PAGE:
BARDA and its HHS partners launched a data challenge competition today to develop algorithms (computational models) that could help healthcare providers predict which of their pediatric patients with COVID-19 are likely to develop severe COVID-19 complications, including conditions such as multisystem inflammatory syndrome in children (MIS-C).
MIS-C is a rare but serious condition associated with COVID-19 in which different body parts become inflamed, including the heart, lungs, kidneys, brain, skin, eyes, or gastrointestinal organs. More than 4,100 cases of MIS-C had been reported to the Centers for Disease Control and Prevention, and 37 children in the U.S. have died from the condition.
While children infected with SARS-CoV-2 are less likely to develop severe illness compared with adults, children are still at risk of developing severe illness and complications from COVID-19. About 1 in 3 children hospitalized with COVID-19 in the United States were admitted to the intensive care unit, similar to the rate among adults. Healthcare providers need to know which pediatric patients will progress to moderate or severe COVID-19 to treat early and improve pediatric patient outcomes, potentially saving lives.
The challenge is sponsored by BARDA, in partnership with two institutes from the National Institutes of Health – the National Institute of Health’s National Center for Advancing Translational Sciences (NCATS) and the Eunice Kennedy Shriver National Institute of Child Health and Human Development (NICHD) – along with the Health Resources and Services Administration’s (HRSA) Maternal and Child Health Bureau. The challenge will be administered by Sage Bionetworks.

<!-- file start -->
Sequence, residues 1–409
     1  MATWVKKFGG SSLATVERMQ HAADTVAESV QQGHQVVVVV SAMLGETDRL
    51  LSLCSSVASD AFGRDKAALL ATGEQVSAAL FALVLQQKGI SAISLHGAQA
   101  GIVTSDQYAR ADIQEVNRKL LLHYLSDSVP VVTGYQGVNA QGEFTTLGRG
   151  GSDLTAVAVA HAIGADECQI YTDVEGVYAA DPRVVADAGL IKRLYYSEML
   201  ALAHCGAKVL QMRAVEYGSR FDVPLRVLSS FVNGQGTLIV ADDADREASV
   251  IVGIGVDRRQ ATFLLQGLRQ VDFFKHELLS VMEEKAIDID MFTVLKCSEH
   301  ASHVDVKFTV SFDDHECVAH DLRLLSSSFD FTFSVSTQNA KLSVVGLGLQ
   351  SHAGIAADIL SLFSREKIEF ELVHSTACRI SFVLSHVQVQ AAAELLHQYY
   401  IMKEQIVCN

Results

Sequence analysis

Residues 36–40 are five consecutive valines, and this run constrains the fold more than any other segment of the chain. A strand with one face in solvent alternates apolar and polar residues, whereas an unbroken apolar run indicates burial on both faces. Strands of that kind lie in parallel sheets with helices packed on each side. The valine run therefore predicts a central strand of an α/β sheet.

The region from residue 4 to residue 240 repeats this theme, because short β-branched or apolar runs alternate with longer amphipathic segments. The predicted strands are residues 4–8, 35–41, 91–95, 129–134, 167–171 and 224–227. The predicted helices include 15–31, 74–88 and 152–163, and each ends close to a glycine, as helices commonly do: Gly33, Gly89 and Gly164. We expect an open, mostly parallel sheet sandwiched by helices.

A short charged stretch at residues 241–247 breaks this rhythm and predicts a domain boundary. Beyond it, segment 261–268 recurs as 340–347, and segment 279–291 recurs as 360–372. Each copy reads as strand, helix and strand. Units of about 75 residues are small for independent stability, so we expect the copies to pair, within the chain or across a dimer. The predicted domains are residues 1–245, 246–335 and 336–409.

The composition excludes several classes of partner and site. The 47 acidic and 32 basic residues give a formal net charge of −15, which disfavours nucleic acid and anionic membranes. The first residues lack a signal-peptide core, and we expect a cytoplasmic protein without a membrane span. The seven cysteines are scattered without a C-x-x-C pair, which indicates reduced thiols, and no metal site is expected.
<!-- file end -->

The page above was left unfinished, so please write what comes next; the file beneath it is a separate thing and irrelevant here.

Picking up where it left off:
Challenge participants must develop, train, and validate computational models to predict pediatric patients at risk for hospitalization, need for ventilation, and cardiovascular interventions, utilizing de-identified electronic health record data available through NCATS’ National COVID Cohort Collaborative (N3C) Data Enclave. The N3C Data Enclave is a central, harmonized data repository that represents electronic health records from more than 55 health centers across the U.S. To protect patient privacy, de-identified data provides information useful to researchers without revealing any information that could identify individual patients.
The total cash prize purse is $200,000 split among up to three winners. Winners also may be eligible to apply for follow on funding support and in-kind services from BARDA for further technology development and clinical evaluation.
To learn more about the challenge, including challenge rules, eligibility, criteria for winning entries, data enclave use requirements, and how to register to join the N3C consortium, visit the Challenge.gov page. Because fully registering for the N3C consortium can take several weeks, potential participants are encouraged to review the requirements, rules, criteria, and timelines for each competition phase as soon as possible.